/ 23 August 2013

Knowledge is the new currency of a thriving economy

The 2006 forensic report prepared for Zuma's trial that never saw the light of day ... now made available in the public interest.
The outcome of the ANC’s long-awaited KwaZulu-Natal conference was a win for the Thuma Mina crowd. (Delwyn Verasamy/M&G)

In many parts of the world, including South Africa, it is still rare to find female researchers and women working in scientific fields. Even though this picture is changing, women remain grossly under-represented among people who continue to actively practice science after obtaining higher degrees.

It is vital that South Africa, along with other countries, does more. Science and engineering are critical for innovation and economic growth as well as for tackling the developmental challenges that face many of the most vulnerable communities- in the world.

The National Research Foundation (NRF) is responsible for supporting the development of human capital for research, technology- and innovation in all fields of science and technology.

It is one of the major players in the education and training of a new generation of scientists able to address the challenges both within South Africa as well as across the continent.

One of the NRF’s key interventions to transform the science cohort and facilitate the participation of women in science is the Thuthuka programme.

Initiated in 2001, the programme operates in the higher education landscape and aims to develop human capital and to improve the research capacities of designated (black, Indian and Coloured, female and the disabled) researchers to correct historical imbalances.

This is done in partnership with public higher education institutions (HEIs), science councils and other research institutions.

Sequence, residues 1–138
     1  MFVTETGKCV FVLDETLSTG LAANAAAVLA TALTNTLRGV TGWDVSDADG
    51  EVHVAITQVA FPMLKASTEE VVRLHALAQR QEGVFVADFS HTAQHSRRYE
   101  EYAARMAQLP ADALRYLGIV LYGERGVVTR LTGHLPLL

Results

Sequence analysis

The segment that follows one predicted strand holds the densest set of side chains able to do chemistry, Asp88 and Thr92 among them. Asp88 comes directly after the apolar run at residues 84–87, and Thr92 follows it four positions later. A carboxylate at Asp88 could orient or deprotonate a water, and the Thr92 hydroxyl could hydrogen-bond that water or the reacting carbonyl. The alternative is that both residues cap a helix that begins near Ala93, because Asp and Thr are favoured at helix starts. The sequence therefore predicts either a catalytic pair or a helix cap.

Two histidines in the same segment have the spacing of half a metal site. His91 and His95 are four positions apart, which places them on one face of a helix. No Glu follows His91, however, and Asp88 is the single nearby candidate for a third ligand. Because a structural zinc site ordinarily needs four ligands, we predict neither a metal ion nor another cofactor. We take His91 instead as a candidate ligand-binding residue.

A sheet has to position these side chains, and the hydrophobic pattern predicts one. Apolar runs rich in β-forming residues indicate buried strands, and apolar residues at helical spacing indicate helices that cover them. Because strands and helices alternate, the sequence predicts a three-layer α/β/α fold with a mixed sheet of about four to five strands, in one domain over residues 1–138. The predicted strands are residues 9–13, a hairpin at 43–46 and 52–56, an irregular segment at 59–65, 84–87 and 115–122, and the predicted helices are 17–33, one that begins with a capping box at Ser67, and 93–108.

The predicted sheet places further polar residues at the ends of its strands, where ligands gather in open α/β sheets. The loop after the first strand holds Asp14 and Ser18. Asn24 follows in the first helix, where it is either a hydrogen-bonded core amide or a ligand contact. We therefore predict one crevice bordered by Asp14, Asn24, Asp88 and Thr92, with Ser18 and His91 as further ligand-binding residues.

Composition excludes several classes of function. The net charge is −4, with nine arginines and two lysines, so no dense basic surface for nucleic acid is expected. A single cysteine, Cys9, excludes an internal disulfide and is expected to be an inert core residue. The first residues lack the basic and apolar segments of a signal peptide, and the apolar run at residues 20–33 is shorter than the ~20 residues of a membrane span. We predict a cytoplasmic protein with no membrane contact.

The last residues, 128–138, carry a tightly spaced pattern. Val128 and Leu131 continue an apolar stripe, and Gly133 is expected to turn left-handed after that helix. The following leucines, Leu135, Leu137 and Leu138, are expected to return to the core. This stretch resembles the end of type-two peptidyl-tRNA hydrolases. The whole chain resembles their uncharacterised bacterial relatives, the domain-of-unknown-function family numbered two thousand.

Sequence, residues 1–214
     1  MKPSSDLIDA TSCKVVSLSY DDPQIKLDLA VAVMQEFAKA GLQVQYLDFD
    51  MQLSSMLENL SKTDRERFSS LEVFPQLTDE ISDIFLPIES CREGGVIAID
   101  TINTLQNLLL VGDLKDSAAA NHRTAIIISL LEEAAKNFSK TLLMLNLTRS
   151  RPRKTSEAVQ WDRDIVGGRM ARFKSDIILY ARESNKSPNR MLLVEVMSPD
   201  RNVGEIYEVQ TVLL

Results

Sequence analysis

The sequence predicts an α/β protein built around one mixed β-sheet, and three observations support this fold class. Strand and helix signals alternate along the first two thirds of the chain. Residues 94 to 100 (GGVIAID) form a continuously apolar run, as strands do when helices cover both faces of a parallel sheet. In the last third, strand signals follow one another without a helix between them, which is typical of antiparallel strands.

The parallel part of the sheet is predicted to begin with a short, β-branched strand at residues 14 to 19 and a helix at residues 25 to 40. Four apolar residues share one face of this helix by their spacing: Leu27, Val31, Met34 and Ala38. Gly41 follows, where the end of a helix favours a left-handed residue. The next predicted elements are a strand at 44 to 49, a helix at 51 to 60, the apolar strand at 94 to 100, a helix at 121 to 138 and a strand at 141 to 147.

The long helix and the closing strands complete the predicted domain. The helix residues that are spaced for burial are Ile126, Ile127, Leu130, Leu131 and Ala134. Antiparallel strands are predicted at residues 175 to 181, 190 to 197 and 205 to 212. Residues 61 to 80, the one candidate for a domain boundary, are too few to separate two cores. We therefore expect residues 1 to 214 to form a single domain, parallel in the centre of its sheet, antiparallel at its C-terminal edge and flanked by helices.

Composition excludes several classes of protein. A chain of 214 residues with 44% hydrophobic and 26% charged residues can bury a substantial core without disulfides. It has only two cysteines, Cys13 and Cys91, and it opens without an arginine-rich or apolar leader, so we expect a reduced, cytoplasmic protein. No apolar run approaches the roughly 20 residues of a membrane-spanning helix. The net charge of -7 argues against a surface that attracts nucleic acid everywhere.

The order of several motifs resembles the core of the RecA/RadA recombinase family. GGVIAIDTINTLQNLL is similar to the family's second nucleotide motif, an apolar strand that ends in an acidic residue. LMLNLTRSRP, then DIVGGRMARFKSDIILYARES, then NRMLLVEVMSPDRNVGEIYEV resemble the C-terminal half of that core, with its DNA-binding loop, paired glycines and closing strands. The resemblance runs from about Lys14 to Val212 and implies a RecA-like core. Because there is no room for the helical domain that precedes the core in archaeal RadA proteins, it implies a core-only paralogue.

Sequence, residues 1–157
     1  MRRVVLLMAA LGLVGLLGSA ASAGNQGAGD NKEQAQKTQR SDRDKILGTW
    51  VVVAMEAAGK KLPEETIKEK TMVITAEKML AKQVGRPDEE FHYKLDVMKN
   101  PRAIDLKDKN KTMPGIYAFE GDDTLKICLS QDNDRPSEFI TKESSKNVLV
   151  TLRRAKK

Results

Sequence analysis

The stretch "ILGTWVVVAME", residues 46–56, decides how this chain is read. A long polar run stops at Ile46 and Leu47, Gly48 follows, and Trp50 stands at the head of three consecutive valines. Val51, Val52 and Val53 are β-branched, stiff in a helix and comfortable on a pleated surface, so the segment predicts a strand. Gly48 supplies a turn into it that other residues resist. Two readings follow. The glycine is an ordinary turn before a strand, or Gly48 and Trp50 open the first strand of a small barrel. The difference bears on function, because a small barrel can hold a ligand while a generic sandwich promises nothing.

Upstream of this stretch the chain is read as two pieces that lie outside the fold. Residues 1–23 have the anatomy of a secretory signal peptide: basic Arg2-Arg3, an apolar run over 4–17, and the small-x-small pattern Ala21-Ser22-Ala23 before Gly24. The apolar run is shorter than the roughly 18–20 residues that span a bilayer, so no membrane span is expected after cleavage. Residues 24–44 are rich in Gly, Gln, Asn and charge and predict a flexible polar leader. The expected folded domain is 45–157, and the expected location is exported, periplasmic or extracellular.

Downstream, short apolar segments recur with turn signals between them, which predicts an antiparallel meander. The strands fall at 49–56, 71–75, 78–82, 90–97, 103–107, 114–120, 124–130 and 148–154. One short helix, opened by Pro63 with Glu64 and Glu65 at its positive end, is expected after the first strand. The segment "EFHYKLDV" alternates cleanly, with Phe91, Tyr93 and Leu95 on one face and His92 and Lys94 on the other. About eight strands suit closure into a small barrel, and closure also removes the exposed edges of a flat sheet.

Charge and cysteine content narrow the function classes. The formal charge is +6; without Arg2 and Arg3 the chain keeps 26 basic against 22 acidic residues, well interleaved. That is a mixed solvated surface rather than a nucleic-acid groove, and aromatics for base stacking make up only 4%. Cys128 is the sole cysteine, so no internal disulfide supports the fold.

Thuthuka’s grant funding decisions are guided by the following principles:
Equity and redress —In keeping with the equity and redress objectives, the Thuthuka grants sets high targets for supporting individuals from designated groups, without compromising on merit;
Developmental — Even though the programme has a developmental focus, only quality proposals that are scientifically sound will be considered for funding;
Achievability — The research proposal must be realistic; in other words, achievable in terms of the research objectives, the resources required and the projected completion times;
Institutional co-funding — To be considered for Thuthuka funding from the NRF, the applicant’s institution must commit in writing to provide 50% of the awarded running costs for all approved projects.

This funding instrument, together with a host of others, is at the forefront of addressing the shortage of women researchers in scientific fields while also addressing broader equity issues in South Africa.

The NRF, as a government agency, is committed to doing more to increase uptake of science careers by women and growing -scientific knowledge as this is critical for economic growth.

This Women’s Month, the NRF wishes all women in all sectors, especially those in the natural and social sciences, success in their endeavours to contribute towards the improvement of quality of life of all South Africans.

For more on Thuthuka, contact Dr Thandi Mgwebi on 012 481 4022 or [email protected]